A publication of the Archaeological Institute of America
For too long, many scholars dismissed Africa as a cultural backwater
unworthy of serious study. But 50 years of archaeology have shown that the
continent has pottery thousands of years older than that of the Near East
and Europe, true steel two and a half millennia before its
nineteenth-century European "invention," and urban civilizations without
despots and wars. These are more than just African insights; they are
fundamental revelations about how humans have interacted with each other
and their environment and how societies have changed in the past.
Archaeologists long thought that agriculture must always have preceded
herding, but during the last 20 years, evidence has emerged that in Africa
full-time herding appeared as early as 7500 B.C., millennia before farming.
It was also thought that the idea of plant domestication was imported from
the Near East around the turn of the third millennium B.C., but experiments
with sorghum and millet began as early as 9,000 years ago, and full
domestication independent of Near Eastern developments happened as early as
900 B.C. Furthermore, some regions of Africa have all the hallmarks of
sedentarism (living year-round in the same place) without agriculture,
quite at odds with the traditional model of the emergence of villages,
derived from the Near Eastern Neolithic, as a consequence of cereal
In Africa and just about everywhere else, archaeologists long assumed that
monuments, palatial architecture, and conspicuously wealthy burials
reflected some degree of stratified, state organization. A number of
African cases, however, suggest that more egalitarian societies could also
build great monuments, and that large cities could develop without palaces
and elite burials.
Archaeologists long argued that the spread of Bantu-speaking people
throughout Africa was rapid, no earlier than the first millennium A.D., and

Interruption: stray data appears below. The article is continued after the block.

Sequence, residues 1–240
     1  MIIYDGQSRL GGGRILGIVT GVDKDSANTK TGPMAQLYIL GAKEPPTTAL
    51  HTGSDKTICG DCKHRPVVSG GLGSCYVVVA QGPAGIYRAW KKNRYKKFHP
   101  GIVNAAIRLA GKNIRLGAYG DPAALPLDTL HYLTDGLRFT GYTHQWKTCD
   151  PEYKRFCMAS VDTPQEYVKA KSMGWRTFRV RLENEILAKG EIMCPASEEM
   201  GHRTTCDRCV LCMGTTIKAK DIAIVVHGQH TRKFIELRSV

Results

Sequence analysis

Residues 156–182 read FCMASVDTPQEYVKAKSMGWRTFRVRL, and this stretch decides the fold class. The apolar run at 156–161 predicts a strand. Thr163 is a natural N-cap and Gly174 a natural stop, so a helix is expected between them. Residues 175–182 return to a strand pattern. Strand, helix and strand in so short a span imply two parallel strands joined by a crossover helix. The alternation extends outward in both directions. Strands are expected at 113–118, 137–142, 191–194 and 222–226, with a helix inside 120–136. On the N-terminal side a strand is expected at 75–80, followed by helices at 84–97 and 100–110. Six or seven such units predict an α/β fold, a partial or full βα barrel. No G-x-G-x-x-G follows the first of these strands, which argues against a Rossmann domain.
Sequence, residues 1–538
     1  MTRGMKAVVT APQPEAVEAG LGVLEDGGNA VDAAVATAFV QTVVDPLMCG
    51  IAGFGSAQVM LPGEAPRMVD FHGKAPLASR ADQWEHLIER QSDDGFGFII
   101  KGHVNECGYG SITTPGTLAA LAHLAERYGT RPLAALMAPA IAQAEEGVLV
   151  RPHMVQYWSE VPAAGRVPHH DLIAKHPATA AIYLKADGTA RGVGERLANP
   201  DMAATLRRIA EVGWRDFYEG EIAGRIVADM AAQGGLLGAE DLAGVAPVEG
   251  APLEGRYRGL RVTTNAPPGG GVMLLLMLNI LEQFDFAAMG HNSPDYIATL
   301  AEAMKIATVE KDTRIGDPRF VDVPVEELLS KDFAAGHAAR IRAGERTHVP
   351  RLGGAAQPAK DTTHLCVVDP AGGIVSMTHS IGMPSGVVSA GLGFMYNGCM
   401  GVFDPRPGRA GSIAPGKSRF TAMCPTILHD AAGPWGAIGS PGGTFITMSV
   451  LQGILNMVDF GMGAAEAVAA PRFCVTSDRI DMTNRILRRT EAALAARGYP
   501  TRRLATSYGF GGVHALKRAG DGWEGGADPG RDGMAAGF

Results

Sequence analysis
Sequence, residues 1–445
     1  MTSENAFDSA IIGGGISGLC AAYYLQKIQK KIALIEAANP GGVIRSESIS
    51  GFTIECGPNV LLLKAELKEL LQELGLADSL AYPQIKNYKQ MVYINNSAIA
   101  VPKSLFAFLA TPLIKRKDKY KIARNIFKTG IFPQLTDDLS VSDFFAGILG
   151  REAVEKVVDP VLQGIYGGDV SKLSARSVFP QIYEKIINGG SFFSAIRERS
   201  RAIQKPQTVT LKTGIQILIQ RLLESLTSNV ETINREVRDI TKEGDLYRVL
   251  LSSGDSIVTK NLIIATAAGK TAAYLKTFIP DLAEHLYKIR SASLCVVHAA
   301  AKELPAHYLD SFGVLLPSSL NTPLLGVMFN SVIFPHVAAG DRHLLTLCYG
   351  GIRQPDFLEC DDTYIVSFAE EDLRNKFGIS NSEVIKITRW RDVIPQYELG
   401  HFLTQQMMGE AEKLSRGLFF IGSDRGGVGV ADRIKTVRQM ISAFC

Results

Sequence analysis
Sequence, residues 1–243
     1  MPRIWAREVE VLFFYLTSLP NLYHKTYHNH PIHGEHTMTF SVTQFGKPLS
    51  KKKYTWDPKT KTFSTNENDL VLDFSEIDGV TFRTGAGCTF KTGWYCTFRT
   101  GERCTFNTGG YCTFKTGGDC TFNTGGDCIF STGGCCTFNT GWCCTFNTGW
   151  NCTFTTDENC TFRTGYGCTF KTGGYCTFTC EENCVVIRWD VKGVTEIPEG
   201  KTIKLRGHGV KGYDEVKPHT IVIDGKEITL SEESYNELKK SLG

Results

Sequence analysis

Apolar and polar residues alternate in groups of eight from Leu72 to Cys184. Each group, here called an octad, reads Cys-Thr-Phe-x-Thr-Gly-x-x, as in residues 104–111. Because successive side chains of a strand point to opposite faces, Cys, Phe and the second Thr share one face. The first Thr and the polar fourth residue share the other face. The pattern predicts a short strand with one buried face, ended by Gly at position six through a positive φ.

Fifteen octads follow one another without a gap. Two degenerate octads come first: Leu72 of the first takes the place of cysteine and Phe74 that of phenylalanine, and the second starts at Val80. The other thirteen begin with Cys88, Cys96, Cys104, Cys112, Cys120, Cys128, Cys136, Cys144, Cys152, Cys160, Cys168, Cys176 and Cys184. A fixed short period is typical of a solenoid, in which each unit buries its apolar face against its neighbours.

facilitated by their superior knowledge of iron technology. But excavations at various sites
have shown that there is no abrupt change from the Late Stone Age
(supposedly pre-Bantu) to the Iron Age (early Bantu). Stone remained in use
even after iron was introduced, and so-called proto-Bantu ceramics appear
even before iron. This is not to underestimate the importance of iron in Africa. Iron furnaces have been found dating from
the eighth century B.C., and possibly as early as 1300 B.C.; true steel was
invented by the middle of the first millennium B.C.
We can also now appreciate that the African response to outside
contact was anything but passive. Slave forts and colonial cities had
adjacent African trading settlements, and new states arose thanks to the
economic realities of the times or new technologies like firearms or
Despite severe financial crises, several African nations have a
well-trained second generation of archaeologists trained in Africa. The challenge for these scholars is to cajole their
governments into adequately funding field research, museums, and research
institutions; to ensure the passage of cultural property protection laws;
and to find ways to make archaeology relevant to the concerns of all
citizens. If they succeed, not only will they have won a victory for
Africa, but they will have set an example for the rest of the world.
Roderick J. McIntosh is a professor of anthropology at Rice University.